Register Tuesday | December 10 | 2019

Our Way or the Autoroute

A love letter to Montreal street traffic

The Lonely Planet guide to Montreal warns tourists, “Driving in Montréal is for crazy people, not for those on vacation.” We who live here take it as a compliment.

In making the decision to get behind a wheel or set foot on Montreal pavement, one must be unequivocal. Here, circulation through the city is an end in itself, an undertaking of the intellect and of the soul. The French term conduite, as in conduct or human behaviour, is similar at root to the verb conduire, to drive. Etymologically, the measure of a man or woman is related to his or her driving habits.

The road rules of Montreal remind us that this is a city poised between the new world and the old, between the narrow, frenetically circular streets of the arrondissements of Paris and the wide open thoroughfares of provincial Edmonton or Vancouver. Though I have never seen a car in Montreal actually drive or park on the sidewalk (which is de rigueur in Paris), people do not drive their cars around as though they were shepherding livestock either.

You’ll notice most other drivers, while not apt to communicate with turn signals, will intrepidly seek congress with you through some form of eye contact in the rear-view and side mirrors, windshield and windows. You may wonder at the intentions of these stares. Are they merely attempting to keep a dialogue open with surrounding drivers and thus maintain a defensive awareness of their surroundings? Or do they want to have sex with you? Both, possibly … seduction is a part of the city’s street life. Driving is no exception.

But all’s fair in love and war; thus, we believe in driving defensively, as well as offensively, at all times. In one of the few belle province triumphs of the classic liberal project, traffic flow truly makes each individual responsible for his or her own vehicle and/or person. People and traffic are not predictable. Why should they be? Here, it is considered bad form in body and soul to drive like Ontario soccer moms in Durangos, who imagine themselves in sealed-off, padded spaceships attached to streetcar tracks, invincible and elevated. No. To drive or walk in Montreal is to be one of the Fraternity of Man. An esteemed brother may pull a U-turn into our blind spot or accelerate into an amber, or even a red, light. Best to keep our eyes peeled.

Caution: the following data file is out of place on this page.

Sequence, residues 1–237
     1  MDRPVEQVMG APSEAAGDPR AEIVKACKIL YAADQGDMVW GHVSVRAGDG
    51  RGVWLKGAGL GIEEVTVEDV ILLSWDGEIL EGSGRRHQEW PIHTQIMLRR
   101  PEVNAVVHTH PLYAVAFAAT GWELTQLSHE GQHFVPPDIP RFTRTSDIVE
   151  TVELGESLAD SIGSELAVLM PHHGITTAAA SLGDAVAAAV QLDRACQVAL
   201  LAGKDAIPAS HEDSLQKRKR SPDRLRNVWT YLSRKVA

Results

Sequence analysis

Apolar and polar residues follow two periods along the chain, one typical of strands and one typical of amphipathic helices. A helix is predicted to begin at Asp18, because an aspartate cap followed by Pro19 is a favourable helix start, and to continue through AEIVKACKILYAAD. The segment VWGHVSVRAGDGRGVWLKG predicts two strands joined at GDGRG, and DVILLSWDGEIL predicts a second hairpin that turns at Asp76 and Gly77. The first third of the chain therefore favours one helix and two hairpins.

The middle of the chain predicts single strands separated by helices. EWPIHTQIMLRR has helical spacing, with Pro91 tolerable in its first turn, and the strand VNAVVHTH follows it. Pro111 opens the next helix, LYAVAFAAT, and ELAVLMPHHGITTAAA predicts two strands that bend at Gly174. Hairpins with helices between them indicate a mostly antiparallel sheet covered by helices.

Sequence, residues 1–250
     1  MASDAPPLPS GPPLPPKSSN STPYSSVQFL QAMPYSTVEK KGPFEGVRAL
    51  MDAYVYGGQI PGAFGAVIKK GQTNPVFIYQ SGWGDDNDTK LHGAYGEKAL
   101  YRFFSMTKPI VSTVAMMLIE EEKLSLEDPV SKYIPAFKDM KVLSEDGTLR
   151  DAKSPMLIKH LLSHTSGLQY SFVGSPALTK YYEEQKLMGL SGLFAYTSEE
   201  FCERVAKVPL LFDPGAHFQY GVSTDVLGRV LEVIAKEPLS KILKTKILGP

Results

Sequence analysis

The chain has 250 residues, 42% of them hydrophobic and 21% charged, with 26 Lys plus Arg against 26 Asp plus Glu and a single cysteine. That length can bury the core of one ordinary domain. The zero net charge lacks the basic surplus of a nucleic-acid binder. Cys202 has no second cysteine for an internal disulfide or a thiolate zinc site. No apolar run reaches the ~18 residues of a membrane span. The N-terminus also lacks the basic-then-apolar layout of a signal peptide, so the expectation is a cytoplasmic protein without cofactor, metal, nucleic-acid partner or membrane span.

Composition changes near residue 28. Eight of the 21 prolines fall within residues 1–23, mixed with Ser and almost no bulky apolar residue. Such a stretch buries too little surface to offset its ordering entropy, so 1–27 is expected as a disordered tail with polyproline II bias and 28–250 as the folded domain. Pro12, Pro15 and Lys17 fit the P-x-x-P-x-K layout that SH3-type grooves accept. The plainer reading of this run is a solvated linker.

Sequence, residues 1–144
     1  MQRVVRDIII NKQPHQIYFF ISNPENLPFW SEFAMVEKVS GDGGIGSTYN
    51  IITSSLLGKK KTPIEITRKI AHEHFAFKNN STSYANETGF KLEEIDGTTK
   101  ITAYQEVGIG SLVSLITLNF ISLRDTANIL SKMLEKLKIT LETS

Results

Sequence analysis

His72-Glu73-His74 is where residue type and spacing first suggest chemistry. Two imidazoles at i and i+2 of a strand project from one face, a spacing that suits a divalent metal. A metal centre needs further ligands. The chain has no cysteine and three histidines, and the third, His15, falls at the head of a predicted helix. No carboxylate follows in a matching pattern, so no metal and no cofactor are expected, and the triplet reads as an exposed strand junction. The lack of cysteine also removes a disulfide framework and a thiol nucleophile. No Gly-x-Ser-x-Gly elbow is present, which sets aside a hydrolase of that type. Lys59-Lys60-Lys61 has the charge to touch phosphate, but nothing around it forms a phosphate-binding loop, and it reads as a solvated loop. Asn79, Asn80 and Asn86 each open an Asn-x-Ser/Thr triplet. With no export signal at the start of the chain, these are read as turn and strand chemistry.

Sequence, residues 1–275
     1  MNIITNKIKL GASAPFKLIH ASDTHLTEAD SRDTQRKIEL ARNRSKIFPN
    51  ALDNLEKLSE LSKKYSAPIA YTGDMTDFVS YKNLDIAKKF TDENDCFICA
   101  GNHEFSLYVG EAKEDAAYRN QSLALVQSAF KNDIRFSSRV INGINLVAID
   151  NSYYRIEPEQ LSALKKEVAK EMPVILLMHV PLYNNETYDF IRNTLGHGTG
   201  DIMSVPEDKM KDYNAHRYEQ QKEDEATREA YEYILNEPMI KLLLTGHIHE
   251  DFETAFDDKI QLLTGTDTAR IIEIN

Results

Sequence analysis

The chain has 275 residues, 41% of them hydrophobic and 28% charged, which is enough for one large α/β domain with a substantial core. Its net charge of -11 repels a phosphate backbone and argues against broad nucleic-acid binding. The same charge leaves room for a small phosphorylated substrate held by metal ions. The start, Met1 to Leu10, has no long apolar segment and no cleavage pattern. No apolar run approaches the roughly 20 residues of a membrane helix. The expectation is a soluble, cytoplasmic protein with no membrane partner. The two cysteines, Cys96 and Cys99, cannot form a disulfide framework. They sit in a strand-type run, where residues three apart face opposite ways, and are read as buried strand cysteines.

Visitors often misinterpret the heightened rapport between drivers and pedestrians as disrespect: actually, it is an elevated form of appreciation. You will often see a car nudging through a group of pedestrians on St. Catherine Street. Don’t accuse this motorist of attempting to plough through human bodies—he is merely treating pedestrians as he might a line of vehicular traffic in a particularly busy intersection. Often, it’s the only way to soldier on in a bottleneck. Pedestrians, for their part, habitually perform something called the “Montreal drift”—leaving the curb while they wait, inching their way closer to traffic. Don’t try this in Vancouver, where the mere intimation of a sneaker in the gutter against the light elicits wild beeping and unsafe brake-stomping from ten metres away. A recent Université de Montréal study showed that 71% of Montreal pedestrians do not stop and wait for the light to change before crossing. Why would we? It’s perfectly possible to see vehicles approaching and dodge them accordingly.

I’ll reiterate: driving and walking in Montreal is a specific, intentional, chosen activity, which means that we pay attention to what we are doing. Our reflexes are as honed as fighter pilots’. And we defy cliché: our accident rate is high, but not unreasonably so; though most people assume it is the peril and frustration of extremely bad weather that causes the most discord and twisted metal, it is not so. In 2001, August was the month in which the most fatalities occurred.

One amusing and commonly cited fact of Montreal driving is the anachronistic no-right-turn-on-red rule. We are the only North American city, besides Manhattan, where this privilege is still not legal. Many, including this author, believe the status quo to be best. With all the freedoms we allow ourselves on the road, it seems unnecessary to add any more situations in which Montreal drivers are permitted to use their discretionary judgement. That would be suicide.